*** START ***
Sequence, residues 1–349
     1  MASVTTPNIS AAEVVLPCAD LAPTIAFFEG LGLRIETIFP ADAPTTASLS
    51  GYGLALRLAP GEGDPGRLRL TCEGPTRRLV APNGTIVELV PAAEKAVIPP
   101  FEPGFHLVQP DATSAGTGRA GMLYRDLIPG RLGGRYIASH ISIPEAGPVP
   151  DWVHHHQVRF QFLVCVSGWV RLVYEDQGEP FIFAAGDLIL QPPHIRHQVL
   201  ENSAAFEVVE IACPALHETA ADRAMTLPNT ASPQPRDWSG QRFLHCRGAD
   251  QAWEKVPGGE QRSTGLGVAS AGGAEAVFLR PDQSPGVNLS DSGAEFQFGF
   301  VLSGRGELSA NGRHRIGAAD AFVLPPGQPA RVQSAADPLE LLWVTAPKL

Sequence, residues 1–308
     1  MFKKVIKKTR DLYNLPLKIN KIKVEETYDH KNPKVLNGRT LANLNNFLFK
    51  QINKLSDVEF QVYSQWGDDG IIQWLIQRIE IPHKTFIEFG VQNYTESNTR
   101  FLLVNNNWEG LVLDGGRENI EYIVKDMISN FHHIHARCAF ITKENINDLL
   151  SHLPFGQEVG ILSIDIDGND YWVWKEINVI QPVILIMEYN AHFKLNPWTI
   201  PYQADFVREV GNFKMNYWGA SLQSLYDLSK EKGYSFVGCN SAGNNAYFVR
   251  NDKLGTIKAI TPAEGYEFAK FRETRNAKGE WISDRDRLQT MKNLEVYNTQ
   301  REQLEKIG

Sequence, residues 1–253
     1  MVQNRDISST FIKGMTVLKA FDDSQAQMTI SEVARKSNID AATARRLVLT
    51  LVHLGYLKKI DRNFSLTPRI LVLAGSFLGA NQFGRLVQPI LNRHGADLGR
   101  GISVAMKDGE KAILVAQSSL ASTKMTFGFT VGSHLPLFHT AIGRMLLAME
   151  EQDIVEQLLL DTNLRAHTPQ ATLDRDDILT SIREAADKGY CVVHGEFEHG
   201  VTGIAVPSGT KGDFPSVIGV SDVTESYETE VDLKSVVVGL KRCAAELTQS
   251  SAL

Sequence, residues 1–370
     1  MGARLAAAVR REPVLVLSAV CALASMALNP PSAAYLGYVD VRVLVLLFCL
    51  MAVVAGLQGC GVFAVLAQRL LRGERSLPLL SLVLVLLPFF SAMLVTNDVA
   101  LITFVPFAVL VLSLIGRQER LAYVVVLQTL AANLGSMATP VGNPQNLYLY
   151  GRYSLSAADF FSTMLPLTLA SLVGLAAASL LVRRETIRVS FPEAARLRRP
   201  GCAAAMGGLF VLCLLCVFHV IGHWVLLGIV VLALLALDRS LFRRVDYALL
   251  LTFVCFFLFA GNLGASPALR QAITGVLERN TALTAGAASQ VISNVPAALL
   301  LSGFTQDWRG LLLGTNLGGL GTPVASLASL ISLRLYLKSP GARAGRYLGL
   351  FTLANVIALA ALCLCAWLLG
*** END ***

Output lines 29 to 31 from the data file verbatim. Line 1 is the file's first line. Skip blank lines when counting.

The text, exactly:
   201  GCAAAMGGLF VLCLLCVFHV IGHWVLLGIV VLALLALDRS LFRRVDYALL
   251  LTFVCFFLFA GNLGASPALR QAITGVLERN TALTAGAASQ VISNVPAALL
   301  LSGFTQDWRG LLLGTNLGGL GTPVASLASL ISLRLYLKSP GARAGRYLGL